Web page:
Nebraska wine

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Wine region
Map of USA NE.svg
Nebraska's location in the United States
Official name State of Nebraska
Type U.S. state
Year established 1867
Years of wine industry 1870s – 1910s, 1994 – present
Country United States
Total area 77,421 sq mi (200,519 km2)
No. of vineyards 200[1]
Grapes produced Catawba, Chambourcin, Chancellor, Chardonel, Concord, De Chaunac, Edelweiss, Frontenac, Frontenac gris, La Crosse, Marechal Foch, Norton, Seyval blanc, St. Croix, St. Pepin, St. Vincent, Swenson Red, Traminette, Valiant, Vignoles[2]
No. of wineries 20 (17 in production)
Wine produced 49,000 US gallons (185,000 L) (2006)[3]

Nebraska wine is wine made from grapes grown in the U.S. state of Nebraska. Nebraska's oldest winery was founded in 1994, and about twenty commercial wineries operate across the state. The vast majority of these wineries are small and sell most of their wine to tourists who visit the winery in person. The University of Nebraska–Lincoln has a program in viticulture. There are no designated American Viticultural Areas in Nebraska. [2]

Grapes grown[edit]

Nebraska's climate, with its long, hot summers, cold winters, and wide seasonal variations in precipitation and humidity limits the ability to grow European grape varieties. Most Nebraska grapes are French-American hybrids and American varieties; varieties commonly grown include Edelweiss, La Crosse, St. Croix, and Vignoles.[1]

Nebraska's grape growers continue to introduce and develop new varieties. In 2006, Whisky Run Creek Vineyard of Brownville produced the state's first Riesling. In the late 1990s, Cuthills Vineyards of Pierce began a breeding program to create European-style red wines by crossbreeding Spanish and French grapes with wild grapes native to Nebraska. The Temparia variety is the first grape derived from this breeding program to be used in a wine.[4]


The wine and grape industry in Nebraska began in the late 19th century, by the end of which 5,000 acres (2,000 ha) of grapes were in production, with most vineyards located in the counties of southeastern Nebraska adjacent to the Missouri River.[5] The Nebraska wine industry was devastated in the 1910s by Prohibition; after the repeal of Prohibition in 1933, the remaining commercial grape industry in Nebraska was destroyed by a storm in November 1940.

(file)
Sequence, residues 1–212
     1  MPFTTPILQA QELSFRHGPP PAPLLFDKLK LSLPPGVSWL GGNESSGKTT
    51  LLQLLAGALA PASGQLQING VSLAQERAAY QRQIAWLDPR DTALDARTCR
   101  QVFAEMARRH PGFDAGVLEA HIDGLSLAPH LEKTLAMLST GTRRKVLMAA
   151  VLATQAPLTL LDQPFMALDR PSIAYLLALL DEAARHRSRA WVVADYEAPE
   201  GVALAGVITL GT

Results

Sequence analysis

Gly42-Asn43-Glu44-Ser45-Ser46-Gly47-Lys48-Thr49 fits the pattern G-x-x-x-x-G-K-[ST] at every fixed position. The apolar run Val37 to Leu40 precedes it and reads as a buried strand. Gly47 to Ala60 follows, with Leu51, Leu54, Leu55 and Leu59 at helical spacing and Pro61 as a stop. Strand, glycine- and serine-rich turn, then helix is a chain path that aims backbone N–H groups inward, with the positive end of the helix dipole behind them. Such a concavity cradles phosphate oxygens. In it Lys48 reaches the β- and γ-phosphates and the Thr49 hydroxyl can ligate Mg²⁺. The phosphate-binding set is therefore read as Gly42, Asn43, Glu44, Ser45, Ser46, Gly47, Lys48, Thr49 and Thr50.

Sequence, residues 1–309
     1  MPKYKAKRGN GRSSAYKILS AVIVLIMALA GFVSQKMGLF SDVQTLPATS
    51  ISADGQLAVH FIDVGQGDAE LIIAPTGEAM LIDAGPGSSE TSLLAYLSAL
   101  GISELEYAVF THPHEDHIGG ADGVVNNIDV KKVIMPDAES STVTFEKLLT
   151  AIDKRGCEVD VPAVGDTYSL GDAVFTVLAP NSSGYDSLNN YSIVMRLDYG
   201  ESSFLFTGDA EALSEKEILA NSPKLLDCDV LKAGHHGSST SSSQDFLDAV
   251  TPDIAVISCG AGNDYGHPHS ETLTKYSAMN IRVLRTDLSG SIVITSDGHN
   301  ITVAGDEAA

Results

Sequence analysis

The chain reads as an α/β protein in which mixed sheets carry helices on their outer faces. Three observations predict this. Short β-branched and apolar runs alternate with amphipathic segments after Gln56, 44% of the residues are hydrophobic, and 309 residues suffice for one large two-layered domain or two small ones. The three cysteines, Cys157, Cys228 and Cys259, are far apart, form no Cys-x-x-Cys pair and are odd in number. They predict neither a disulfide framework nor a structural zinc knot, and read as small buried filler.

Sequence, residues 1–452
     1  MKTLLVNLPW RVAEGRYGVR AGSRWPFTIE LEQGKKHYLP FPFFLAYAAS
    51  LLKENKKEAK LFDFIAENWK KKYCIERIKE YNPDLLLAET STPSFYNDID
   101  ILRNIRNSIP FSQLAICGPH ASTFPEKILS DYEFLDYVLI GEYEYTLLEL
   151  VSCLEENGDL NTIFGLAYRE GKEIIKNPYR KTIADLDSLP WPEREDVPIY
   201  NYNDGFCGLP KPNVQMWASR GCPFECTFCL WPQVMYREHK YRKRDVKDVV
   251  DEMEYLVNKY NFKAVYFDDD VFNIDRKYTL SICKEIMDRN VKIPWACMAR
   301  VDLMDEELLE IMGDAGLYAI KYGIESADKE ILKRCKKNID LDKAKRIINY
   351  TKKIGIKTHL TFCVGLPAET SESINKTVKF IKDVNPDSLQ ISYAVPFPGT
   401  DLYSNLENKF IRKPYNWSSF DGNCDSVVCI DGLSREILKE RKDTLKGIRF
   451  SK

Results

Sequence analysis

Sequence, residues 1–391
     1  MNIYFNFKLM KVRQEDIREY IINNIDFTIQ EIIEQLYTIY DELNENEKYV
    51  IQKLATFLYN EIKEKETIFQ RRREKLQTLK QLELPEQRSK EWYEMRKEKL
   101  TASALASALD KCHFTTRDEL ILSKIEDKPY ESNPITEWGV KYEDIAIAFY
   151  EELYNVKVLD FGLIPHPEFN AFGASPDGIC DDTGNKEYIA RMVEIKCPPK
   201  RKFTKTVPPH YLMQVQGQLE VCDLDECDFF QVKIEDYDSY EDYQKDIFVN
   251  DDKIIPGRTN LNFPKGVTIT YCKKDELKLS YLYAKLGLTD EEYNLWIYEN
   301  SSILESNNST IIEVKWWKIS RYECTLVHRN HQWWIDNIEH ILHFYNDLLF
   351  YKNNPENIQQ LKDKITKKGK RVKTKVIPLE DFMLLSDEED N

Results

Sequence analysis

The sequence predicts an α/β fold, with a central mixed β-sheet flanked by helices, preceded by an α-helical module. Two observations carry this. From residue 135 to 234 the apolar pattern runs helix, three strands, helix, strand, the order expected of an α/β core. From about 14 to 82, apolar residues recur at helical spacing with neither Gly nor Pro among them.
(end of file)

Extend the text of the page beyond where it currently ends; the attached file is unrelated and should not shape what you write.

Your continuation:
The wine and grape industry in Nebraska was dormant until the mid-1980s; the passage of the Nebraska Farm Wineries Act by the Nebraska Legislature in 1986 increased the amount of wine that a Nebraska winery could produce from 200 US gallons (760 L) to 50,000 US gallons (189,000 L).[5] Even in the early 1990s, fewer than 10 acres (4 ha) of vineyards were in cultivation in the state.[2]

The first winery in Nebraska since Prohibition, Cuthills Vineyard [1] in Pierce, opened on 1994-12-17. The second winery in Nebraska, James Arthur Vineyards, opened in 1997.[5] Since then, 15 additional wineries have opened, with most located near Omaha and Lincoln.

Nebraska wineries have gained national recognition for their wine. In 2006 Soaring Wing's "Dragons Red" was awarded the title of "best hybrid red" in the Best Of The East competition which pools wineries East of the Rockies. And since then they have garnered over 120 awards, including multiple Double Golds, in various national and international competitions.

See also[edit]


  1. ^ a b Vintage Nebraska. Retrieved on 2007-11-29.
  2. ^ a b c Appellation America (2007). "Nebraska: Appellation Description". Retrieved on 2007-11-28.
  3. ^ University of Nebraska–Lincoln Bureau of Business Research. "The 2006 Economic Impact of Nebraska Wineries and Grape Growers" (PDF). Archived from the original (PDF) on 2007-10-23. Retrieved 2007-11-29. 
  4. ^ Hammel, Paul (2007-07-10). "Nebraska winery takes it from vine to wine". Omaha World-Herald. Retrieved 2007-11-29. 
  5. ^ a b c Read, Paul; Sanjun Gu. "Nebraska - The Next Napa Valley?". Archived from the original on September 11, 2006. Retrieved 2007-11-29. 

External links[edit]